“Survivor” has a 20-year track record of a strong support system on locations and after production. It is also a show that continues to evolve, as we respond to what we learn from every new situation and every player. We will take the important lessons we learned from this season and adopt new protocols and procedures for future seasons, to ensure that the events that occurred this season are not repeated.

For Season 40, which has already filmed, the show added to its pre-production cast orientation specific guidelines regarding personal space, inappropriate behavior, and how to report these issues.

For Seasons 41 and beyond, the producers are reviewing all elements of the show to further support appropriate interaction, including how the players live during, as well as after they are eliminated from, the competition.

The show will also take additional steps to enhance procedures for training, reporting of issues and prohibited forms of game play. The new measures to further support a safe environment include but are not limited to the following:

The production will add another on-site professional to provide a confidential means of reporting any concerns, so that the production can address them promptly apart from the game. The full range of reporting processes will be communicated clearly to the players during pre-production orientation. The new executive will add to a support system that already makes mental health providers available to players on location and after they leave the island.

The show will enhance its pre-production orientation with new anti-harassment, unconscious bias and sensitivity training for cast, producers and production crew on location.

A new rule will be implemented stating unwelcome physical contact, sexual harassment and impermissible biases cannot be brought into the competition and will not be permitted as part of gameplay. This will be covered in the cast orientation for each season, along with clear instructions on how to report violations.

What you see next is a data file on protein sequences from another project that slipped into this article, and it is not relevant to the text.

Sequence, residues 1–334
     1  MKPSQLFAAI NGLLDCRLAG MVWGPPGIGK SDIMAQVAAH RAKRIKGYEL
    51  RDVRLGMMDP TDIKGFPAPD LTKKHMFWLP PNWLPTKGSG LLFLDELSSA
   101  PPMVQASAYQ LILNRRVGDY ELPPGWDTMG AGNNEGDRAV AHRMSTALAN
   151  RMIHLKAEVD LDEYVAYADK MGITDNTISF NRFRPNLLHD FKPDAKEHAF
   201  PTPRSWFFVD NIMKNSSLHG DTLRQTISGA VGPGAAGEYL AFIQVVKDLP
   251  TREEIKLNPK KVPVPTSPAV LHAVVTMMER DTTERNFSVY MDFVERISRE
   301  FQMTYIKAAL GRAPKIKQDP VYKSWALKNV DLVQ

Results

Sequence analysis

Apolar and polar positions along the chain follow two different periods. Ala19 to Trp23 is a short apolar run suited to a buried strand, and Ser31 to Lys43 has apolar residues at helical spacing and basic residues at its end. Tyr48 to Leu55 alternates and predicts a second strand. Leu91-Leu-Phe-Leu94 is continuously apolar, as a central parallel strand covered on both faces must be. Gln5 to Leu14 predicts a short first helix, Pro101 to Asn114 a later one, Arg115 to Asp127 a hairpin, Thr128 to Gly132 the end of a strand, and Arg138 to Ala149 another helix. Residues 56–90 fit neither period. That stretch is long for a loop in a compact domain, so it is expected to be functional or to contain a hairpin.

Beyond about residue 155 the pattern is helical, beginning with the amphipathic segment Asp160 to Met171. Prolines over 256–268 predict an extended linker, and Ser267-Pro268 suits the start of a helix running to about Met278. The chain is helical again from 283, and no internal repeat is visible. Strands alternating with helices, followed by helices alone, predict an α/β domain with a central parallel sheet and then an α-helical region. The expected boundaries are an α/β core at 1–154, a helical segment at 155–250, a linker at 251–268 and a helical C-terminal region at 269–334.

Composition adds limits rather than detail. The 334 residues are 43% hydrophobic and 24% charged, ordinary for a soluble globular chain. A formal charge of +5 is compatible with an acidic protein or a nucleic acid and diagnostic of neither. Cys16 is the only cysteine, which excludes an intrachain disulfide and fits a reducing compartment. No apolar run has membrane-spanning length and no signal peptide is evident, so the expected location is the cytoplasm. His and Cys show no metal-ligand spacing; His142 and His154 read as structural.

The show will also partner with a third-party expert in the field to review, evolve or add to these new policies and procedures going forward.

In addition, CBS Entertainment will develop appropriate enhanced policies and procedures equivalent to the new “Survivor” measures and adapt them for the network’s other reality programming going forward.

Season 40, which has already been filmed, is known as Winners at War with 20 previous winners coming back to compete for a $2m prize. It is due in February.

10 has been contacted over CBS policy in regards to Australian Survivor.

Source: Deadline


  1. It certainly wasn’t the best Survivor we have seen. I didn’t like any of the three finalists much. I felt sorry for Dan’s son being put on display when the families came to visit. It was after the Keelee fiasco so you would think bring someone else in.